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Recently, I had the privilege of attending the ACT7 Experience, a conference led by Dr. Samir Husni, founder of The Magazine Innovation Center at The University of Mississippi. Dr. Husni, or Mr. Magazine, as he’s referred to in the industry, is a leading advocate for ink on paper mediums. His conference gathered 100+ industry leaders from every corner of the magazine business—legacy media companies, new magazine brands, newsstand distributors and leading retail experts, printers, circulation experts, and more—to discuss the future of the magazine industry and debate some of the challenges we collectively face.
When you read ink on paper, more parts of your brain light up than when you read digitally, because you stimulate four senses—eyesight, smell, sound, and haptics (touch). Eyesight is a given, as paper provides valuable real estate for visual imagery with high production quality. Sound and smell are a bit more nuanced, although I encourage you to pay attention to your fellow patrons the next time you are at a newsstand or paper store: you’ll be able to spot a paper lover if they’re indulging in a whiff when they think no one is watching. Haptics are what really set paper over the edge, making it an effective, stimulating platform that boosts engagement and recall. Again, look around at your fellow paper lovers: you may notice them physically petting a beautifully printed or textured piece.
Why are haptics so important when it comes to magazine reading? While we may not be the top species from a vision or auditory perspective, we are number one when it comes to haptics or touch. We’ve got 2,000 receptors in our fingertips alone, logging whatever we touch in our brain—be it a smooth, cool piece of silk or a rough, aged elm tree. When you feel the quality of soft touch on paper, your relationship to the piece changes because it feels luxurious, expensive, and you value the piece and brand more. Your blood pressure and heart rate also decline as a result of touching print on paper, signaling to your brain it’s time to slow down and read all the words. On paper, we read for content, context, and language, seeking the narrative. Because we read that way, we are able to secure the information in our long-term memory. Comparatively, in the digital space, we’ve become skimmers. This is because the minute we pick up a device, we know there is a tremendous amount of information we need to get through, so we skim, looking for bullets and keywords.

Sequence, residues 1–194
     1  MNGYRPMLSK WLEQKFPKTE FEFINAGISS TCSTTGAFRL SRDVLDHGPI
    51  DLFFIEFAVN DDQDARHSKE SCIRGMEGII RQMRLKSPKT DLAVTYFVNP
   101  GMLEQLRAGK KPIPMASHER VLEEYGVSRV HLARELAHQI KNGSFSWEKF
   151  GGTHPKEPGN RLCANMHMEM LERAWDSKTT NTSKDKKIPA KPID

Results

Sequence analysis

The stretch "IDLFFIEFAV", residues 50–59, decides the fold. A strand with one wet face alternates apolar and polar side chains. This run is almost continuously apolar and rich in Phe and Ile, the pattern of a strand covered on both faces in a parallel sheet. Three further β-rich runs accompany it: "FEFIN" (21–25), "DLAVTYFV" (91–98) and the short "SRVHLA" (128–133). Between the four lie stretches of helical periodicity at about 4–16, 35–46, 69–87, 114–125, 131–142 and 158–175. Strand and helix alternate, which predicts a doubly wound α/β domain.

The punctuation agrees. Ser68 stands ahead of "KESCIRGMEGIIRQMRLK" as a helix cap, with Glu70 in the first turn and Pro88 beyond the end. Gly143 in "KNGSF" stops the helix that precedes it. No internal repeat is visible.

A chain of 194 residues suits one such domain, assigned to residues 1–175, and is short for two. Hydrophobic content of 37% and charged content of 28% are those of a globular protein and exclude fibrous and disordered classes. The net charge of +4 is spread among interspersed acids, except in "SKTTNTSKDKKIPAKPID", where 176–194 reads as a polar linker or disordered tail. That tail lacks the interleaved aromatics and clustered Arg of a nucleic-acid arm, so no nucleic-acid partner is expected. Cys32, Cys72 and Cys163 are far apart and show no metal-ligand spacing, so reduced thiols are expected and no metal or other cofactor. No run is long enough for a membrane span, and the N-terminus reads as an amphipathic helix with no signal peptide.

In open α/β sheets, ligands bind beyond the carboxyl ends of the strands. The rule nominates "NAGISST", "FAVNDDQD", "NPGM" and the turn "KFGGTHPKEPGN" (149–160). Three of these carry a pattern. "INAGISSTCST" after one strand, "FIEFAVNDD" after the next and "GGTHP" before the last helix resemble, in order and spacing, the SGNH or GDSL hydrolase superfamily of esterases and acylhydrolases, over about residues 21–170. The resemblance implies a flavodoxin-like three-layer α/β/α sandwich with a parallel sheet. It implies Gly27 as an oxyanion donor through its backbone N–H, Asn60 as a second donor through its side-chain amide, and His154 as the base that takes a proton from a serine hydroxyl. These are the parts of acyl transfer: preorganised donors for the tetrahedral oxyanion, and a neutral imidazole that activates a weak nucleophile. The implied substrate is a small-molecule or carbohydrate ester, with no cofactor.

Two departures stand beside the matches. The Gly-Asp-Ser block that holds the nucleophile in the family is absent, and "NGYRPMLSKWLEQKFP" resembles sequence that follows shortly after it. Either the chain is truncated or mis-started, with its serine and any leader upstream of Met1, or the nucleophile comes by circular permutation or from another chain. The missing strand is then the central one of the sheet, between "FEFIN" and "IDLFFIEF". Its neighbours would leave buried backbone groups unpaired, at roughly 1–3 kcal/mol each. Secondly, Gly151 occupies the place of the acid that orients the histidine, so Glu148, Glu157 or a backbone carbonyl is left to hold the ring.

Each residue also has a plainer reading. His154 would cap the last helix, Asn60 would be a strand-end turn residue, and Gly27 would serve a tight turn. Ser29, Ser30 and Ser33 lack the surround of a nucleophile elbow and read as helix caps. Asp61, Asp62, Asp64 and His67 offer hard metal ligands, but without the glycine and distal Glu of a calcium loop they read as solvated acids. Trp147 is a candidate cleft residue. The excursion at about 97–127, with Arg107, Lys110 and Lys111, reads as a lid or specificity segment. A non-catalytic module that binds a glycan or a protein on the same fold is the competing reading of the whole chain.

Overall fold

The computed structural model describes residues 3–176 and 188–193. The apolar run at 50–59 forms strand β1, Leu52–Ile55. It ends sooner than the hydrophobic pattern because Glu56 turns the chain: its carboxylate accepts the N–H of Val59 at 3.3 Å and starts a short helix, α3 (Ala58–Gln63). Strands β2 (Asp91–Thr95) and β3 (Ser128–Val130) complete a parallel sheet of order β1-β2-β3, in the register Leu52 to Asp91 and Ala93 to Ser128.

Intersecting a consumer with paper helps foster a relationship with the brand, increasing brand perceptions, brand desirability, and valuation of the product or service being advertised.
A lot of retailers think that declining magazine sales at the newsstand is attributed to users turning to digital media and not because of the recession. They’re not wrong to think that consumers are turning more and more to digital media, but they’re not turning to digital media in favor of print media. Rather, consumers often turn to digital to fill needs they previously went to big box retailers to fill. As such, consumers are going to the store less and have smaller basket sizes in favor of ordering and buying online from online retailers, like Amazon. Magazine sales are down in brick-and-mortar retailers because sales in general are down in brick-and-mortar retailers.
We are moving toward a subscription-based economy, with Amazon Prime having an estimated 80 million members spending an average of $1,300 per year. But it doesn’t stop there! Consumers have subscription services to food delivery services like Blue Apron or Hello Fresh, clothing rental services like Rent the Runway or Gwynnie Bee, and even monthly automatic refill subscriptions for everyday CPG items, like razors from Dollar Shave Club.
With an average of 90% of magazine readership coming from subscriptions, magazines are poised for growth in a subscription-hungry economy, but it might not be in brick-and-mortar stores, especially as we see share of big box retailers declining as well as brick-and-mortar closures.
Read our whitepaper about how print is not dying, but thriving.
2016 saw 210+ magazine launches, meaning a new magazine was launched nearly every business day. In the last five years, we’ve seen legacy publishers launch new titles like Hearst’s HGTV Magazine or Meredith’s Magnolia Journal to engage an audience that wants certain types of content on ink and paper. We’ve also witnessed niche audience brands and regional brands enter the scene including ROVA, a magazine dedicated to reaching Millennials on the road (who, by nature, have a predisposition to print media); Good Grit, a magazine dedicated to an elegant and progressive reflection of Southern culture; Take, a magazine featuring in-depth stories of people in New England who are shaping culture; or Jarry, a magazine that explores where food and gay culture intersect.
When faced with the question of why launch a magazine, these passionate publishers did not flinch. They find their audiences want great content (and even want to save their issues to have a complete collection). They also believe there is an element of digital fatigue with certain audiences moving away from screens entirely to live more mindfully.
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